Did Anything Good Come from Glasgow?

Did Anything Good Come from Glasgow?

Written by E. Calvin Beisner |
Thursday, December 16, 2021

COP-26 didn’t even bring any new progress toward the world’s developing countries’ meeting their pledge at 2009’s COP-15 in Copenhagen to transfer $100 billion per year to developing countries for climate finance, which they’ve not done. It said it regretted the failure and urged repentance. That’s all. No enforcement mechanism—just like with everything else COP-26 did.

Did anything good come from Glasgow?

Well, that depends on how far back you go.

Go back 245 years and you get Adam Smith’s An Inquiry into the Nature and Causes of the Wealth of Nations in 1776. That was most definitely good, the University of Glasgow professor of moral philosophy solidifying the growing case for free-market economies, arguably indispensable to the Industrial Revolution’s lifting more and more of humanity out of extreme poverty.

Go back another 8 years and you get Rev. John Witherspoon leaving his church in Paisley—then a small village outside Glasgow, now well within the Glasgow metro area—to become President of the College of New Jersey, which became Princeton University. That, too, was most definitely good, Witherspoon serving as a member of the Continental Congress, where he made a strong case for separating from Great Britain, and teaching moral philosophy, including politics, to 19 members of the Constitutional Convention, including primary drafter James Madison.

Jump forward to 1865 and you get Joseph Lister starting to develop his insights, based on work by Louis Pasteur, into the role of microscopic germs in causing infection, leading to his development of disinfectants, the practice of sterilizing surgical theaters and devices in hospitals for the first time, and eventually the household application of disinfectants. (One, Listerine, was developed just 14 years later by Joseph Lawrence, a chemist in St. Louis, Missouri.) That was undoubtedly good, preventing, in the century and a half since then, untold millions of deaths from infection.

Since the area was first inhabited several millennia ago because the River Clyde was great for fishing; since its founding as a town in the 6th century by the Christian missionary Saint Mungo; and since the founding of the University of Glasgow in 1451, Glasgow has blessed the world with an impressive number of scholars (including 8 Nobel Laureates)—historians, philosophers, theologians, lawyers and jurists, natural and medical scientists, and more. The world would be a poorer place without them.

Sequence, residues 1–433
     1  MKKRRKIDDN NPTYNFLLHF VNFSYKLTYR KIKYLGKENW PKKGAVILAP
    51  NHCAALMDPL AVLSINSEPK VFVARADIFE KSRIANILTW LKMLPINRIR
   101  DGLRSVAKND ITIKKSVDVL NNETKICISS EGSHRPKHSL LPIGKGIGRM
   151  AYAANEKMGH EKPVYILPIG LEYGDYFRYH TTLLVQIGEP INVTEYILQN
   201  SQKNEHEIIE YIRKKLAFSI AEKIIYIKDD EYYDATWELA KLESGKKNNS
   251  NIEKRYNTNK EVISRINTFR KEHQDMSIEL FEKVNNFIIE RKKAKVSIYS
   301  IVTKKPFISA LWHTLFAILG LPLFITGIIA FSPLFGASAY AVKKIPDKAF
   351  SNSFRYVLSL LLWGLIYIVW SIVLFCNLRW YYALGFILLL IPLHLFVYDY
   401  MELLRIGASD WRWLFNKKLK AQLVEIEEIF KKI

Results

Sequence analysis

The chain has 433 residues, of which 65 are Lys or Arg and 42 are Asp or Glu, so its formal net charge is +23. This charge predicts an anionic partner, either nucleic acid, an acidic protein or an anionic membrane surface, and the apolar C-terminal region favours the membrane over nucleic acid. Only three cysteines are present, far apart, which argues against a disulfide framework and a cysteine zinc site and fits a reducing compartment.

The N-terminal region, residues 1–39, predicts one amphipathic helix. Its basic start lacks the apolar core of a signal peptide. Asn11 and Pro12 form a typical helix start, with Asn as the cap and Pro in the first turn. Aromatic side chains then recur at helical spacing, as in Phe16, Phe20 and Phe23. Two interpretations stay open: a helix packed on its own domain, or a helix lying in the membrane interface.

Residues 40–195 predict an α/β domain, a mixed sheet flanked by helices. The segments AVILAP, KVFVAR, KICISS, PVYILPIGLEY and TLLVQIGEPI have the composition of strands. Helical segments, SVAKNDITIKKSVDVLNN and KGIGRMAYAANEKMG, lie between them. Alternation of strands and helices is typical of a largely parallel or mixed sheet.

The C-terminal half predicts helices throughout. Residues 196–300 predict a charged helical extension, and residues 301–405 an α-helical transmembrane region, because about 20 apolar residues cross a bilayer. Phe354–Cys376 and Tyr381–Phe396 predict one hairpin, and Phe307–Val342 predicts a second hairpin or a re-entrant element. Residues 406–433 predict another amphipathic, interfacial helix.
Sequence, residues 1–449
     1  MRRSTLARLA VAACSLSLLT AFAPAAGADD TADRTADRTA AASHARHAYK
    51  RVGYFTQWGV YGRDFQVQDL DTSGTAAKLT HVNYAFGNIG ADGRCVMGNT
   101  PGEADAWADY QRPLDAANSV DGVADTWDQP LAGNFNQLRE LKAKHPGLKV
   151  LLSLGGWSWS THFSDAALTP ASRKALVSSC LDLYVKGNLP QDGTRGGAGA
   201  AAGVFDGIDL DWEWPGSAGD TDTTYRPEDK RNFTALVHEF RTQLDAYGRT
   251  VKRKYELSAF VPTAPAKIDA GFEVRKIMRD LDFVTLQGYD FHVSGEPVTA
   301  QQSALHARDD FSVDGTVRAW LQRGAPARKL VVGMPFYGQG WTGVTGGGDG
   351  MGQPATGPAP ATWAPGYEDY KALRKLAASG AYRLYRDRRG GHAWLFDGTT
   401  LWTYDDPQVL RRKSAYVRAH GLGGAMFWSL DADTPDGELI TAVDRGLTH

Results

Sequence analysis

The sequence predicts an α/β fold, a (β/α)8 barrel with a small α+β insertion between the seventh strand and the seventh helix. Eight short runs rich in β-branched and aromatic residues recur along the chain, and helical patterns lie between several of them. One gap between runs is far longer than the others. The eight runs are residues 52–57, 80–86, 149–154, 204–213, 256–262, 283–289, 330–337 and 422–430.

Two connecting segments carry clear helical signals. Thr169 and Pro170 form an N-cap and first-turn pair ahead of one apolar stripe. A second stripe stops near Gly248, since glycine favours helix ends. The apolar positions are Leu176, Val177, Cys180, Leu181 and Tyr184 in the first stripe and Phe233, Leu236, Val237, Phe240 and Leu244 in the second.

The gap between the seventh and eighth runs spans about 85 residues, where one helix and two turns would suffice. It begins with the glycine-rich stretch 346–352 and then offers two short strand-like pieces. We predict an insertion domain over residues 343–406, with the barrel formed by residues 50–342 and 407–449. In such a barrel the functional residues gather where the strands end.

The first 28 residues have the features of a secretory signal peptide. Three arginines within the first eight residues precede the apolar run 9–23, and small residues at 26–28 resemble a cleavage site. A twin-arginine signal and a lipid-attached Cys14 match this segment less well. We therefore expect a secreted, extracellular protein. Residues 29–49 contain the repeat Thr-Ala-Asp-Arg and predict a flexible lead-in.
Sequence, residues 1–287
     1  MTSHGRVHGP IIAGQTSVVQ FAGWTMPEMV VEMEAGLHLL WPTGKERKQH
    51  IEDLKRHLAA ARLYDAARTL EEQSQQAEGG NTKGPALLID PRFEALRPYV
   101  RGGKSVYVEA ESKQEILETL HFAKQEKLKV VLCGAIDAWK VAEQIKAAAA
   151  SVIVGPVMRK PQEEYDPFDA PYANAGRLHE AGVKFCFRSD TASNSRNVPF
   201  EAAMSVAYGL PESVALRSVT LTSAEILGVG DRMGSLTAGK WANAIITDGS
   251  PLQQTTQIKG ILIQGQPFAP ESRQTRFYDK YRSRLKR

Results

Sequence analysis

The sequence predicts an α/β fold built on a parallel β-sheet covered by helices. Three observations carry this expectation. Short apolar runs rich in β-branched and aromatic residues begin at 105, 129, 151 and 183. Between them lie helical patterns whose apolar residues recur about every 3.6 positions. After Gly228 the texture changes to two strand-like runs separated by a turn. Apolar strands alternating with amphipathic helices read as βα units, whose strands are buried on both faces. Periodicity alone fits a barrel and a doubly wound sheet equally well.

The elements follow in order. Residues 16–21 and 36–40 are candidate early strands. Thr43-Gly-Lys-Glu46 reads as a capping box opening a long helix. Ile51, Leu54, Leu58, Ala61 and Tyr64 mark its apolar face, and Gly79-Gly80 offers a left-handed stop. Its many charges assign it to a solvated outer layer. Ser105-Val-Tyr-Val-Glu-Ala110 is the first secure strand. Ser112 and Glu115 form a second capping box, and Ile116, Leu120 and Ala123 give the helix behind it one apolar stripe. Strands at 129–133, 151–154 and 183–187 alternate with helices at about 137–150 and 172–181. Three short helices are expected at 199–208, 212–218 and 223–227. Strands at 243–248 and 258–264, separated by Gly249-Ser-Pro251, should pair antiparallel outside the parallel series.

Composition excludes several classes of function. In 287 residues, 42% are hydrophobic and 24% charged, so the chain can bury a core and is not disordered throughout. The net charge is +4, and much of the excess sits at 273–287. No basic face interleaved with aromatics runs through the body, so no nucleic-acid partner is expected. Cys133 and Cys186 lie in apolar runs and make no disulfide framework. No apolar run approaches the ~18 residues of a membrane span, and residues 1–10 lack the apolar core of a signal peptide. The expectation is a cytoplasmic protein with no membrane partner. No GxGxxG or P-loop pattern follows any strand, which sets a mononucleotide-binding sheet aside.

But jump all the way forward to 2021, and the question, “Did anything good come from Glasgow?” could elicit a different answer: not much, maybe nothing. Or, ironically, a lot of good. It all depends on one’s perspective.

Glasgow was where the 26th Conference of Parties (COP-26) of the United Nations Framework Convention on Climate Change (FCCC) took place. Government representatives from almost every nation, including 130 heads of state, were joined by UN bureaucrats, leaders and activists from hundreds of nongovernmental organizations (NGOs) with admission into the actual business meetings, and around 100,000 people who showed up for marches and protests before and during it.

The first day of The New York Times’s serial coverage of the two-week climate summit started by saying world leaders gathered “to debate how to deliver on the unmet promises of the past.” The same coverage the day the conference ended began:

Diplomats from nearly 200 countries on Saturday struck a major agreement aimed at intensifying global efforts to fight climate change by calling on governments to return next year with stronger plans to curb their planet-warming emissions and urging wealthy nations to “at least double” funding to protect poor nations from the hazards of a hotter planet.

Translated from bureaucratese, that amounts to: Failing to achieve anything substantive, diplomats agreed to try again next year.

To the extent those are an accurate summation of COP-26’s main purpose, it’s safe to say it achieved little if anything.

From the standpoint of people scared to death that we’re all going to fry 9 years from now (since it was 3 years ago that Congresswoman Alexandria Ocasio-Cortez, D-NY, declared, “The world is gonna end in 12 years if we don’t address climate change”)—or maybe 15 years, or 80, or … whatever the time frame, we’re doomed unless we scotch fossil fuels and replace all their energy with wind, solar, and other “renewables”—from that standpoint, nothing good came out of Glasgow last month.

But then there are those who think human-induced carbon dioxide emissions do contribute to global warming, aka climate change, but that the warming

  • is nothing much in the grand scale of things,
  • will likely bring more benefits than harms,
  • even at its worst would only make the average person at the end of this century about 4.34 times rather than 4.5 times wealthier than today (as even the UN Intergovernmental Panel on Climate Change admits), and
  • would be accompanied by enormous greening of the planet and reduction of hunger as plants feast on increased atmospheric CO2.

From their standpoint—which is mine—that little to nothing came out of Glasgow is good.

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